What is important to me is that I define my unique style and progress as a songwriter. I still have lot of mediocre songs and a few good ones, but that is true of everyone. How you approach writing better songs is as unique to yourself as a snowflake is.

The bottom line is you have to love your own songs and enjoy them with or without an audience.

Completely agree with @AndyGetch and @Belladonna. I struggled with perfection for ages, telling myself every word had to be brilliant before I could put pencil to paper. That's just not how it works! The first step was giving myself permission to write utter trash so bad it wasn't even suitable for lining a birdcage. Once I gave myself the freedom to suck, I started to get much better, mainly because I learned where the suck traps were and thus, how to avoid them. For me, much of FAWM and 50/90 has been about healing my relationship with music and reclaiming the creative process for my own enjoyment and growth. The music industry will stifle that spirit, so I have no interest in pursuing commercial production. I suppose it's all about what our individual end goal is.

it is easy to write a song. living it is the hard part.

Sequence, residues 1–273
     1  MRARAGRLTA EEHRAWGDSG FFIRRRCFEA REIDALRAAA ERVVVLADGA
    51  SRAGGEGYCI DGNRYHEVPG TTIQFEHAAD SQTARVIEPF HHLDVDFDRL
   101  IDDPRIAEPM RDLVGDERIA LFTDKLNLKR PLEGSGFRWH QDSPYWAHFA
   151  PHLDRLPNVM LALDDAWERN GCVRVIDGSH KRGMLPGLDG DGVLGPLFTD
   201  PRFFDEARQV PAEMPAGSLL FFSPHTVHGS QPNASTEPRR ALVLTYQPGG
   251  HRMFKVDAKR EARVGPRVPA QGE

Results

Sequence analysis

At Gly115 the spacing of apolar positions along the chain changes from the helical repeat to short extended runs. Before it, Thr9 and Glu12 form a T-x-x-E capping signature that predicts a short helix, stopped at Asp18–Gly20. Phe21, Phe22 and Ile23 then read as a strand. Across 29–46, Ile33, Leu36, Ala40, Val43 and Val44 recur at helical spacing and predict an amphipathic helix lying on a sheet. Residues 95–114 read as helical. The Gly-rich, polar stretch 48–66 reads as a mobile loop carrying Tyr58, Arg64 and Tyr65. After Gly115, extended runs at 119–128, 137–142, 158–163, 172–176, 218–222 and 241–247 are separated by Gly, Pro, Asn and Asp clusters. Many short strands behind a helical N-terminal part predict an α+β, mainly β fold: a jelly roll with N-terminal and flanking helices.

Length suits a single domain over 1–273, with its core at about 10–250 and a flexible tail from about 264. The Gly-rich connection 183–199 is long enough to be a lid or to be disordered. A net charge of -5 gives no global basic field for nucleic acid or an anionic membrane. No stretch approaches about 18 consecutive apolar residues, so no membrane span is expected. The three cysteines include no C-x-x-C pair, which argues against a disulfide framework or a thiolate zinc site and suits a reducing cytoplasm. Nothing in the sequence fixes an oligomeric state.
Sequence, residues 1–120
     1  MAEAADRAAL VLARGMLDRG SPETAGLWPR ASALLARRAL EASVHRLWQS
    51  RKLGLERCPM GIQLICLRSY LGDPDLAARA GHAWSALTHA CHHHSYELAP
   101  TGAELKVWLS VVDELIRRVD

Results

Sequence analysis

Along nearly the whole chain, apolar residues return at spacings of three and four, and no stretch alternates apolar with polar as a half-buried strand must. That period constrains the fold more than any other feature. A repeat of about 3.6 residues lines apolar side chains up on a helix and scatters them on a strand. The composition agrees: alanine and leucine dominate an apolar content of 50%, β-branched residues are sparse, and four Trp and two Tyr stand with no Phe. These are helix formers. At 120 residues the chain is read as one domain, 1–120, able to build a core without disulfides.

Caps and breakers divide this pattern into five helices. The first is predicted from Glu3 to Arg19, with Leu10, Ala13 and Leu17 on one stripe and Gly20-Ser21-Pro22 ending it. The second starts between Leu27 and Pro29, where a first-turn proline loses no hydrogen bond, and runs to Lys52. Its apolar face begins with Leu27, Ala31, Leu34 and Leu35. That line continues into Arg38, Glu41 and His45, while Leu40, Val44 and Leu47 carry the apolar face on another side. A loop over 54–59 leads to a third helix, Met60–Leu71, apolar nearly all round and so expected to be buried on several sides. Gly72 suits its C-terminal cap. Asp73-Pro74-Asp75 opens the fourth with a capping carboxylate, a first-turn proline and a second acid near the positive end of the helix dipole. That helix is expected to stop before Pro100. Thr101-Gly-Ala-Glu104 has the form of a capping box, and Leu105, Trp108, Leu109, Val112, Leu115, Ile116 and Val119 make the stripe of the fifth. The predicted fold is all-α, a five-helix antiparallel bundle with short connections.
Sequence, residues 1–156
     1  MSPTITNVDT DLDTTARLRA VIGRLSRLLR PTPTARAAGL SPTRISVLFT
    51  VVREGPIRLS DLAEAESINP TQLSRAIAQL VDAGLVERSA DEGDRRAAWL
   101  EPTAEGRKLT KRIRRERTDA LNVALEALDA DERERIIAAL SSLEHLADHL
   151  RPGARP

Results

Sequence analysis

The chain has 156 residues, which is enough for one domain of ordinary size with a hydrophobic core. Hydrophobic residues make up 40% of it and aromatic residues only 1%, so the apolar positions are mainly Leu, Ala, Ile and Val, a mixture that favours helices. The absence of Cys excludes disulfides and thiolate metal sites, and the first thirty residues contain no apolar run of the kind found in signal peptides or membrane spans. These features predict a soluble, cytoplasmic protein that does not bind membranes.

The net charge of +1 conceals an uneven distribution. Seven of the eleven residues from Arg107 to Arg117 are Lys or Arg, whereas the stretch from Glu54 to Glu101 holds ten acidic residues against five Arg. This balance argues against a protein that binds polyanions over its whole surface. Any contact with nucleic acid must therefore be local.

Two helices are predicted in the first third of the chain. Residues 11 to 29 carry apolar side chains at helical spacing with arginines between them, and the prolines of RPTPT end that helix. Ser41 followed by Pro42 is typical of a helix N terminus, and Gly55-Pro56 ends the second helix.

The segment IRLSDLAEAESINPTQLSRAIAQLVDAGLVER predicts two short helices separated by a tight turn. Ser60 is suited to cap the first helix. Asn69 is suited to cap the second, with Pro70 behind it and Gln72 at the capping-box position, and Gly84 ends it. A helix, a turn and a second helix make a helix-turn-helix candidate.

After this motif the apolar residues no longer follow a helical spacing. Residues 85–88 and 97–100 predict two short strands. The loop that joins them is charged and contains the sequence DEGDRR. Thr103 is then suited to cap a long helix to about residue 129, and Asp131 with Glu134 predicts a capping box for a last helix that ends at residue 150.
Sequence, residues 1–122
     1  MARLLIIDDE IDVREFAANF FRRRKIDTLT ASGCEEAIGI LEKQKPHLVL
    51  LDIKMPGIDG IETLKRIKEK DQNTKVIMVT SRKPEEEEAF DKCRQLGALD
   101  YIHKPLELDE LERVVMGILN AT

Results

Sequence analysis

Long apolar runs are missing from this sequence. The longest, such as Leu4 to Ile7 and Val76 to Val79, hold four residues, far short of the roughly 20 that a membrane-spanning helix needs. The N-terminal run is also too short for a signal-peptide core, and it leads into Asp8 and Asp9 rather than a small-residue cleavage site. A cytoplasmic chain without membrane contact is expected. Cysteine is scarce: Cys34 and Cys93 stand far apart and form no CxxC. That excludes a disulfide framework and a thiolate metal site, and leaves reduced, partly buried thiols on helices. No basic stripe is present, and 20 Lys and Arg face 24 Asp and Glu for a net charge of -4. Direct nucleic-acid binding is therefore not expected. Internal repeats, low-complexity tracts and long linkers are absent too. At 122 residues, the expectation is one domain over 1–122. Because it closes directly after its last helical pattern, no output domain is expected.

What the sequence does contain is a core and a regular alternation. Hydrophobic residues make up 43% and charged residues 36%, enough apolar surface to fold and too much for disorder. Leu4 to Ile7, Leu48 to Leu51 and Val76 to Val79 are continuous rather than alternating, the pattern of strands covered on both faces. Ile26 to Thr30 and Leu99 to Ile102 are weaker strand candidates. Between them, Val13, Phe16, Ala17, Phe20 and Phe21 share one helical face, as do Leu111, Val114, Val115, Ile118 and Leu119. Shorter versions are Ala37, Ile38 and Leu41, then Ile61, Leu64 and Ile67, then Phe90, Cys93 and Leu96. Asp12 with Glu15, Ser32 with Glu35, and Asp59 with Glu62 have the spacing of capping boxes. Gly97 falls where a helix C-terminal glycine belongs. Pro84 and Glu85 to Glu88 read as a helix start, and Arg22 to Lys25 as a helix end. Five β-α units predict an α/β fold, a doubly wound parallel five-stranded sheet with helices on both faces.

On the surface a simple question, but scratch that surface...

I think maybe what you're really asking is how much effort are we all putting into song writing and writing songs. Anyone who is actually going for 50 is probably putting a decent amount of effort into song writing. Even if you only spend 10 minutes per song, that's over 8 hours of effort. That's different than putting effort into writing a song. If you're putting effort into writing a song, you're probably doing a lot of thinking/planning. You're probably doing some editing. You might get frustrated with the results because they aren't what you had hoped for. And then there's reading books about song writing, and engaging in forums and circles, and asking questions, and taking workshops. All of that is effort too.